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Partial Subordination Agreement

The latest Caterpillar Financial Services case against Peoples National Bank, N.A. (March 4, 2013) of the U.S. Court of Appeals` Seventh Circuit shows the potential case of entering into a subordination agreement without an experienced professional collateral processing service. At Caterpillar, the debtor obtained loans for the purchase of mining equipment from three different companies: (1) Peabody Energy Corporation (“Peabody”), (2) Caterpillar Financial Services Corporation (Caterpillar)) and (3) Peoples National Bank (“Peoples”). Each of the creditors renewed their loans in the order indicated and filed their PEC financing statement at the time of the loan, which gave them the priority indicated above. The debtor eventually fell behind on all three loans. Subordination agreements are the most common in the mortgage industry. If a person borrows a second mortgage, that second mortgage has less priority than the first mortgage, but these priorities can be disrupted by refinancing the original loan. When the construction project failed during the Great Recession, the mechanical agents argued that NRS 108.225, despite the subordination agreement, prevailed over the Treuhandehe, since the Treuhande was registered to insure the new loan after visible construction began. The lender argued that the subordination agreement had only the effect of “partial subordination”, i.e.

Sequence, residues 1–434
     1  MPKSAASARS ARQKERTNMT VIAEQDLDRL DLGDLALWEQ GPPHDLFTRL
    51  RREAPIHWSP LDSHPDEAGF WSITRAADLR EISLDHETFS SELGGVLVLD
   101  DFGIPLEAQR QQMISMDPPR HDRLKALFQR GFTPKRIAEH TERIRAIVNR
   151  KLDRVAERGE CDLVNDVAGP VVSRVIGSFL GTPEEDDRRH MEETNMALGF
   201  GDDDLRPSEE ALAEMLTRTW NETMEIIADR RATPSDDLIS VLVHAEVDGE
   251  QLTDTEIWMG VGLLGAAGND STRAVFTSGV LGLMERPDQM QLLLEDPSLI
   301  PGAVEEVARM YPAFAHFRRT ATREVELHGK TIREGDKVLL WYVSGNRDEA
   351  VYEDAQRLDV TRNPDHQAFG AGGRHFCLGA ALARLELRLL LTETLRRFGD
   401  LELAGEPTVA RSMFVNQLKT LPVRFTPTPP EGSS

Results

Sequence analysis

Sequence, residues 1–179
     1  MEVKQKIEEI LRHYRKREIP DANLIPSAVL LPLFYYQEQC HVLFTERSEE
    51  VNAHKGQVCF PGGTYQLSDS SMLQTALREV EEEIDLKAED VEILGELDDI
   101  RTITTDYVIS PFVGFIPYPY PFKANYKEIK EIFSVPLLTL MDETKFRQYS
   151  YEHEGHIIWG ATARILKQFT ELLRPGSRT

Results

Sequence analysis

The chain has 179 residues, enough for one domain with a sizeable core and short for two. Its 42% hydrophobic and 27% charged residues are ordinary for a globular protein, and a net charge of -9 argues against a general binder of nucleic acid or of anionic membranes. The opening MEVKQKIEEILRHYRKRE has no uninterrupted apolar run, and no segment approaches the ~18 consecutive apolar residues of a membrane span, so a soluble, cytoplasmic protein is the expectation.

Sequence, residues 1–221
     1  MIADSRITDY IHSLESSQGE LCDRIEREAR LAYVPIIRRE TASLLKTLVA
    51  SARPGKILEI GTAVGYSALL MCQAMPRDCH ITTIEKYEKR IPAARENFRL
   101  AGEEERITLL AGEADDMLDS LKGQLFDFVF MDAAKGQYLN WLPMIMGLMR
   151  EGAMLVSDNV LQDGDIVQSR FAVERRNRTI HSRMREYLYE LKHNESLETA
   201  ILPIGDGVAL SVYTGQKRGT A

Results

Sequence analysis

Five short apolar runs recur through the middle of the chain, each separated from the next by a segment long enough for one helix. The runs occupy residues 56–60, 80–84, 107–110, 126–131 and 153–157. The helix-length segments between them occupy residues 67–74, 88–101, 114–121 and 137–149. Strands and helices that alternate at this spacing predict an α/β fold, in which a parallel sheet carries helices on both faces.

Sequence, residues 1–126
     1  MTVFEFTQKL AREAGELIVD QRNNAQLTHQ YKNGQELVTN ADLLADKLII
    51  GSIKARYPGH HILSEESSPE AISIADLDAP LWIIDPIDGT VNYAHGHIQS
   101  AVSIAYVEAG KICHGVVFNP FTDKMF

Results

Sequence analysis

it had “reversed” only the priority of two of its loans at the same amount, so that the intermediate mechanical deposits were not affected. Conversely, the mechanic candidates argued that the subordination agreement was a “total subordination,” since the trusts that secured them were registered after visible construction began. Therefore, for a simple reading of NRS 108.225, the mechanical instructions must prevail over the entire act of trust. The district court gave the lender a summary judgment on the priority of the deposit and found that it was a partial subordination and that it was applicable, since the candidate mechanics are not concerned by the subordination agreement. It is essential that the subordination agreement does not alter the amount of debt to which [the pledge creditor] was subordinated and, therefore, the subordination agreement does not infringe NRS 108.225. While the seventh circle found that it was following the approach of partial subordination, this was not the end of the analysis. Peabody was unable to submit a security agreement authenticated by the debtor that identified the security. As Peabody`s priority interest was not properly perfected in the first place, the subordination agreement did not allow the people to assert a security interest with a higher priority than Caterpillar. . . .

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